Liberty Matters

Walter Williams: Progressivism, and Systemic Racism

It’s a genuine honor to be among such esteemed scholars to discuss the ideas of Walter Williams. I agree, in detail and at large, with nearly all that is said in the opening essays. And I was struck by the fact that all of us, when searching in Walter’s work for what made him unique, identified largely the same traits. These traits are his humor, his command of the economic way of thinking, and, above all, his principle.
I’m struck as I ponder these three traits that each one is notably absent among the run of today’s Progressives. Among most such people, humor is regarded as evidence of insensitivity, while economics is utterly foreign. As for Progressives’ principles, these boil down to situation ethics – meaning, in practice, malignant pragmatism.
It’s easy to understand why a man of Walter’s courage, knowledge, and wisdom found Progressivism to be so poisonous.
Yet, as I suggested near the end of my original essay in this series, it’s unwise to reject a policy position merely because that position is one that is embraced by – or thought to be embraced by – Progressives. On some matters, Progressives might well stumble toward sensible conclusions that potentially can serve as grounds for useful alliances between them and classical liberals or conservatives.
Consider so-called “systemic racism” – a favorite trope of Progressives. Harold Black correctly described Walter as being skeptical of systemic racism. But Tarnell Brown is also correct that Walter, in his way, understood its reality.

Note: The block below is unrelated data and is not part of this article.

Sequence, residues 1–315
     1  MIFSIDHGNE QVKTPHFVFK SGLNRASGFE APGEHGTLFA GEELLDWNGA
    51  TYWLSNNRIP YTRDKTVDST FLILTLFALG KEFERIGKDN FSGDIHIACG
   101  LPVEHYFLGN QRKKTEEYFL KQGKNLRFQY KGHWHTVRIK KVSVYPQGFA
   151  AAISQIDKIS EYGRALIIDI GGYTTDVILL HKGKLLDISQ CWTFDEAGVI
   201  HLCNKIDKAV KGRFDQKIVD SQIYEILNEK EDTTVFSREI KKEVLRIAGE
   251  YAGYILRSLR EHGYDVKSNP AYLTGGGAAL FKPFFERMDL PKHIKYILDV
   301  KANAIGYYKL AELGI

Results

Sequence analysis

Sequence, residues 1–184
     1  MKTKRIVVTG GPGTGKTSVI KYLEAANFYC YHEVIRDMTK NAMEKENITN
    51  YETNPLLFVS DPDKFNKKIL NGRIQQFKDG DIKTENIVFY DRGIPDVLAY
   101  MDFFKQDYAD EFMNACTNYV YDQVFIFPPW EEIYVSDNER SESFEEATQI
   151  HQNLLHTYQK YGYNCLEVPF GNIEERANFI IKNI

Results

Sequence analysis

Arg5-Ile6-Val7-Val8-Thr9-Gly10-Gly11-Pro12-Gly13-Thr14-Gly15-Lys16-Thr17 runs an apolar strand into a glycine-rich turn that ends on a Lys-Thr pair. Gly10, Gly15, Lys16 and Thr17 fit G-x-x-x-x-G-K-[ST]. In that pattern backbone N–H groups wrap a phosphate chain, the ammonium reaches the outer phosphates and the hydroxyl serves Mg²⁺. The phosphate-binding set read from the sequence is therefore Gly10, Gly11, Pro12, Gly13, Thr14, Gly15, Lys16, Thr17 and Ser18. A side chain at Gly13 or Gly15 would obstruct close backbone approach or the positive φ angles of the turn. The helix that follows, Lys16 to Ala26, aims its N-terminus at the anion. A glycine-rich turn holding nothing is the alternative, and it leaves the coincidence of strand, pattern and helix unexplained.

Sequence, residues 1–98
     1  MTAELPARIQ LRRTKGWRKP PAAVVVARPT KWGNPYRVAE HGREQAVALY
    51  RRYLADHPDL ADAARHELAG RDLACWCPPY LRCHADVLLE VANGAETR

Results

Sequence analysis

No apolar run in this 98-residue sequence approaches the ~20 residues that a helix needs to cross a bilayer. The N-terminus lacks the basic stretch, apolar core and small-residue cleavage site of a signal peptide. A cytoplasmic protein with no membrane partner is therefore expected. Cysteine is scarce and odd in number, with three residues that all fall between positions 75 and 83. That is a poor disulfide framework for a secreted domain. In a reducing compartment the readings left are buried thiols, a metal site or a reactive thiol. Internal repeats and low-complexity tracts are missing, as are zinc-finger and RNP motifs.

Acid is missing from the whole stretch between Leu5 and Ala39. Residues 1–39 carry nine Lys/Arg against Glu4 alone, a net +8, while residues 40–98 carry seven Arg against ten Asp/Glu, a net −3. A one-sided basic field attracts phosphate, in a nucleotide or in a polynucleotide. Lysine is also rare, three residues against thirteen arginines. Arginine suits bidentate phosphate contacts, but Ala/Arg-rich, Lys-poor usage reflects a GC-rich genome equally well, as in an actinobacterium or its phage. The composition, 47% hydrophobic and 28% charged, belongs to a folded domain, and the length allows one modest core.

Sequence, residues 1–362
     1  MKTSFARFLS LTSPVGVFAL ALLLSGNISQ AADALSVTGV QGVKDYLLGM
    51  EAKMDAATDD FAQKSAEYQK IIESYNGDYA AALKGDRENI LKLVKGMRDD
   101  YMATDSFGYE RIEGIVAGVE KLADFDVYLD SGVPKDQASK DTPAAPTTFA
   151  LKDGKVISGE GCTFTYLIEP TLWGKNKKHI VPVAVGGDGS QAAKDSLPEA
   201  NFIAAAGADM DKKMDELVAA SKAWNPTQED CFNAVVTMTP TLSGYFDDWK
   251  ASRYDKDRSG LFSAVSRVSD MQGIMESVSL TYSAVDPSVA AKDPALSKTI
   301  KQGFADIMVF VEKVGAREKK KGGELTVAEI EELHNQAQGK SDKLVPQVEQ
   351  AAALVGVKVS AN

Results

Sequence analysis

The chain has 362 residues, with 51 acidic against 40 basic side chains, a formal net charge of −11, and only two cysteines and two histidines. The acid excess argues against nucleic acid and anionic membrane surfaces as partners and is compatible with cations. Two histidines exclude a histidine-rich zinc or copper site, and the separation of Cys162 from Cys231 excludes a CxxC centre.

What’s going on? Was Walter inconsistent? No.
While Walter rightly criticized Progressives for their habit of explaining all group differences between whites and non-whites as resulting from systemic racism, Walter also understood that a great deal of still-active legislation – national, state, and local – imposes differential disadvantages on those persons who are currently relatively disadvantaged. Minimum-wage legislation is only the most obvious such intervention. Although today often sold (and swallowed) as being a cure for poverty, minimum wages – by pricing many low-skilled workers out of jobs – are in fact a contributor to poverty. The same conclusion holds for several other interventions, including occupational-licensing requirements, land-use restrictions, and – perhaps above all – the K-12 government-schooling calamity.
That these interventions today are often supported by people whose motives are emphatically not racist does not render these interventions immune from the charge of being systematically racist. If these interventions’ ill-consequences have – as they do – a distinctly racist profile, then the term “systemic racism” is appropriate.
An important difference between Walter and Progressives on this front is that Walter rightly rejected Progressives’ childish belief that racist intentions are both sufficient and necessary for racist outcomes. It is this naïve understanding of systemic racism that Walter spurned. And while he might, to avoid verbal confusion, also have spurned the term “systemic racism,” he certainly understood that the economic, the political, and the legal system each can be perverted by policies that inflict disproportionate harm on blacks and other minority groups. Very much of Walter’s life work was aimed at exposing such consequences.